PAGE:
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Newest local fire investigator looks to sniff out the causes of fires in Hampton Roads

Posted: 12:03 PM, Dec 17, 2019
Updated: 2019-12-17 18:29:16-05
Newest local fire investigator looks to sniff out the causes of fires in Hampton Roads

CHESAPEAKE, Va. - The Chesapeake Fire Department hired and trained a new investigator to help current fire investigators find possible suspicious causes at the scene of a fire. He is the only one of his kind in Hampton Roads.

This new investigator has a powerful nose to sniff out for clues, four legs, and is furry. His name is Cinco, and he is a two-year-old Labrador retriever.

"He’s an ATF accelerant-detection canine," Whit Gibbs, a deputy fire marshall with the Chesapeake Fire Department and Cinco's handler, said. "When he finds something or alerts on an ignitable liquid, he’ll sit down and I’ll feed him."

He is a certified dog through the Federal Bureau of Alcohol, Tobacco, and Firearms. Cinco sniffs for flammable substances that may have been used in a fire.

"Virginia Beach’s dog retired last December and he’s now the ATF’s regional dog for the area," Gibbs added.

Cinco also helps eliminate the possibility arson by sniffing a scene out. He was already called out to scenes in his almost two-weeks of being of being with the fire department.

"We’ve been on two calls," Gibbs said. "We had a call in the city and a neighboring jurisdiction so far."

The Fire Department provided News 3 with an in-person demonstration. Gibbs laid out several shirts on the fire station ground and said he sprayed two shirts with fire accelerants. He also did the same with a piece of carpeting.

Gibbs brought Cinco towards the shirts and immediately started sniffing the shirts. One-by-one he went until he found the first shirt. He kneeled in front of the first shirt, his sign that he found an accelerant.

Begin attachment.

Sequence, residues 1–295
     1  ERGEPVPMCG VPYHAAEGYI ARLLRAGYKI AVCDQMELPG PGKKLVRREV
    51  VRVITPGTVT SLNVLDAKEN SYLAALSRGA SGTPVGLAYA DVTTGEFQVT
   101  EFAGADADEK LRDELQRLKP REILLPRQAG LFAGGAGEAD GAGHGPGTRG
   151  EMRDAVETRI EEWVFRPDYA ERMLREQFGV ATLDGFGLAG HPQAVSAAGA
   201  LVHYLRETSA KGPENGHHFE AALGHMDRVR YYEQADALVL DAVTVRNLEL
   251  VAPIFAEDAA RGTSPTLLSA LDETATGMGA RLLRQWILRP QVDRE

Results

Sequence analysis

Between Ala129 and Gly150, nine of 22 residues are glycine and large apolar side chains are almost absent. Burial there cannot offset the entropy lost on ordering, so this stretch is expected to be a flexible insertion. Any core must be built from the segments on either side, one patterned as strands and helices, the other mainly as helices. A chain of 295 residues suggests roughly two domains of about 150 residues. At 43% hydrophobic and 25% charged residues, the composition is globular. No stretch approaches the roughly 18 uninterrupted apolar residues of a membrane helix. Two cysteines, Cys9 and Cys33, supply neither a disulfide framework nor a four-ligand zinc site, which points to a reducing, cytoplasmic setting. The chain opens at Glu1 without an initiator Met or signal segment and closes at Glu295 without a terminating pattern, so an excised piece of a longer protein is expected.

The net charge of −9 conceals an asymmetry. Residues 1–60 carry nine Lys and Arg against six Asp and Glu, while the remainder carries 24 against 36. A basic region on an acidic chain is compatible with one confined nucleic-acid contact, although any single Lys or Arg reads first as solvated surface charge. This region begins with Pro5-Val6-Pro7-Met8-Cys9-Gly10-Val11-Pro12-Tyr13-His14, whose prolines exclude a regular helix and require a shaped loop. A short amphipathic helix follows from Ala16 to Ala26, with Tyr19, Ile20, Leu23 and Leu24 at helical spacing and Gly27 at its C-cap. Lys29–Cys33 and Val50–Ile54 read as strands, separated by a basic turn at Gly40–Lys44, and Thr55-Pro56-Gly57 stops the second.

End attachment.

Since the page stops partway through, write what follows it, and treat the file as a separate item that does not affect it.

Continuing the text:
Gibbs gave him treats as a reward. Cinco then found the second accelerant-tainted shirt and kneeled down in front of it. Gibbs handed him some more treats before moving onto the piece of carpeting. He sniffed the carpet and found the spot with accelerant.

"We’re definitely lucky to have him," Gibbs said. "He’s an awesome tool in our tool box."

Cinco was not always an ATF dog. Gibbs said he had a previous job before joining the ranks of law enforcement.

"He started out as a guide dog, wasn’t cut out to be a guide dog and then he showed a lot of drive so he was chosen to go to the ATF," Gibbs explain.

The department had to go through an application process competing with other cities across the nation for a certain number of dogs. In Hampton Roads, Chesapeake was the only city that applied.

"It’s a good feeling and something that we’ve worked hard for, something we’ve wanted and it feels good," Gibbs said.

He added Cinco is friendly with people, especially children. Cinco is expected to stay on the force until he turns nine, the age an ATF dog retires, according to Gibbs.